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steph1131988
New Member

I contributed to a Roth IRA this year, not realizing with my tax status and income that I wasn't allowed. I have withdrawn the excess funds. Do I need to put that info on my return?

 
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ChristinaS
New Member

I contributed to a Roth IRA this year, not realizing with my tax status and income that I wasn't allowed. I have withdrawn the excess funds. Do I need to put that info on my return?

You made an excess contribution in 2016, correct? If you have earnings on that contribution, they also need to be withdrawn. You will get a 1099-R for the withdrawal of the excess contribution next year, but the earnings are taxable on your 2016 return. Instead of waiting a year for that 1099-R and having to amend 2016, you should account for that 1099-R now. The broker should give you a statement showing the earnings calculated as part of this withdrawal of your contribution.

Remove the contribution from IRA contributions under Deductions and Credits

Enter the 1099-R under Wages and Income- Retirement Plans and Social Security

If you have the money in a popular brokerage company, you can probably get their EIN online rather easily.

Box 1- the total amount that came out (contribution plus earnings)

Box 2a- the taxable earnings

Enter Code J (AND Code 8 if under 59 1/2) in Box 7

Don't check the IRA box

You will type a brief statement explaining your excess contribution and how the earnings got calculated.

Next year, you'll get a 1099-R with Code P on it. Code P will mean taxable in 2016. And you will already have accounted for that.

View solution in original post

4 Replies
ChristinaS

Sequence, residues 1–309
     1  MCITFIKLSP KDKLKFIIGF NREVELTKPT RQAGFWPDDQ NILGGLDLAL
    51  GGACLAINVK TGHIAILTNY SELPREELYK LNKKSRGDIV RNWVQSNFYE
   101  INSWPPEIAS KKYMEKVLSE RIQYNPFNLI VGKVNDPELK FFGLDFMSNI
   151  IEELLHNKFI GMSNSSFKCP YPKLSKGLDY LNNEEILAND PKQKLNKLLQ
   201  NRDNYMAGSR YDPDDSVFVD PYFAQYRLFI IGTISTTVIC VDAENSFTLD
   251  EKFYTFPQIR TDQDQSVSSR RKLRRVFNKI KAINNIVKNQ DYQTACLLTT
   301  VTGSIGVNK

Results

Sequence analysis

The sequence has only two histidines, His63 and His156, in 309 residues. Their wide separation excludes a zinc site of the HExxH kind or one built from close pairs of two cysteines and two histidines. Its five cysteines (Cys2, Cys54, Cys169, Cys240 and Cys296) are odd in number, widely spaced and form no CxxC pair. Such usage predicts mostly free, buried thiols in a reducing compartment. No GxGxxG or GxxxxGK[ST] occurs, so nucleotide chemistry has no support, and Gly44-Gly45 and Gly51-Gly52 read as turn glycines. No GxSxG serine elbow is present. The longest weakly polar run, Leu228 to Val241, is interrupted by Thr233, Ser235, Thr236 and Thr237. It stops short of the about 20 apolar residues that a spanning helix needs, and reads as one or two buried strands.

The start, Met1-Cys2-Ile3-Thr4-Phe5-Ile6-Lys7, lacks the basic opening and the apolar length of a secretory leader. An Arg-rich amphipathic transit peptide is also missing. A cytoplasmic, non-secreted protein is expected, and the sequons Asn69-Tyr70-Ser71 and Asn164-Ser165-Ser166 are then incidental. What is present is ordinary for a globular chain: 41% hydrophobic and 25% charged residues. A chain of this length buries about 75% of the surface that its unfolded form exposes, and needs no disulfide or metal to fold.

New Member

I contributed to a Roth IRA this year, not realizing with my tax status and income that I wasn't allowed. I have withdrawn the excess funds. Do I need to put that info on my return?

You made an excess contribution in 2016, correct? If you have earnings on that contribution, they also need to be withdrawn. You will get a 1099-R for the withdrawal of the excess contribution next year, but the earnings are taxable on your 2016 return. Instead of waiting a year for that 1099-R and having to amend 2016, you should account for that 1099-R now. The broker should give you a statement showing the earnings calculated as part of this withdrawal of your contribution.

Remove the contribution from IRA contributions under Deductions and Credits

Enter the 1099-R under Wages and Income- Retirement Plans and Social Security

If you have the money in a popular brokerage company, you can probably get their EIN online rather easily.

Box 1- the total amount that came out (contribution plus earnings)

Box 2a- the taxable earnings

Enter Code J (AND Code 8 if under 59 1/2) in Box 7

Don't check the IRA box

You will type a brief statement explaining your excess contribution and how the earnings got calculated.

Next year, you'll get a 1099-R with Code P on it. Code P will mean taxable in 2016. And you will already have accounted for that.

View solution in original post

steph1131988
New Member

I contributed to a Roth IRA this year, not realizing with my tax status and income that I wasn't allowed. I have withdrawn the excess funds. Do I need to put that info on my return?

Thank you!  Yes, I had made an excess contribution for 2016.  I have already made an excess contribution for 2017 as well; which I also withdrew.  Should I lump 2016 and 2017 excess contribution earnings together on the 1099-R?
macuser_22
Level 15

I contributed to a Roth IRA this year, not realizing with my tax status and income that I wasn't allowed. I have withdrawn the excess funds. Do I need to put that info on my return?

"Enter Code J (AND Code 8 if under 59 1/2) in Box 7"  That is not quite correct.

For a Roth it is *always* a J8 reguardless of age.   A code J by itself is a normal Roth distribution.  It is the 8 that says that it is a return of contribution.   A 8 by itself is for a 401(k) return and places the box 2a amount on line 7 as wages, not on line 15b as required.  For a Roth return of contribution in the current tax year both a J and a 8 (J8) are always required in box 7.
**Disclaimer: This post is for discussion purposes only and is NOT tax advice. The author takes no responsibility for the accuracy of any information in this post.**
macuser_22
Level 15

I contributed to a Roth IRA this year, not realizing with my tax status and income that I wasn't allowed. I have withdrawn the excess funds. Do I need to put that info on my return?

A contribution made in 2017 and returned must be reported on your 2017 tax return next year, not 2016.
**Disclaimer: This post is for discussion purposes only and is NOT tax advice. The author takes no responsibility for the accuracy of any information in this post.**
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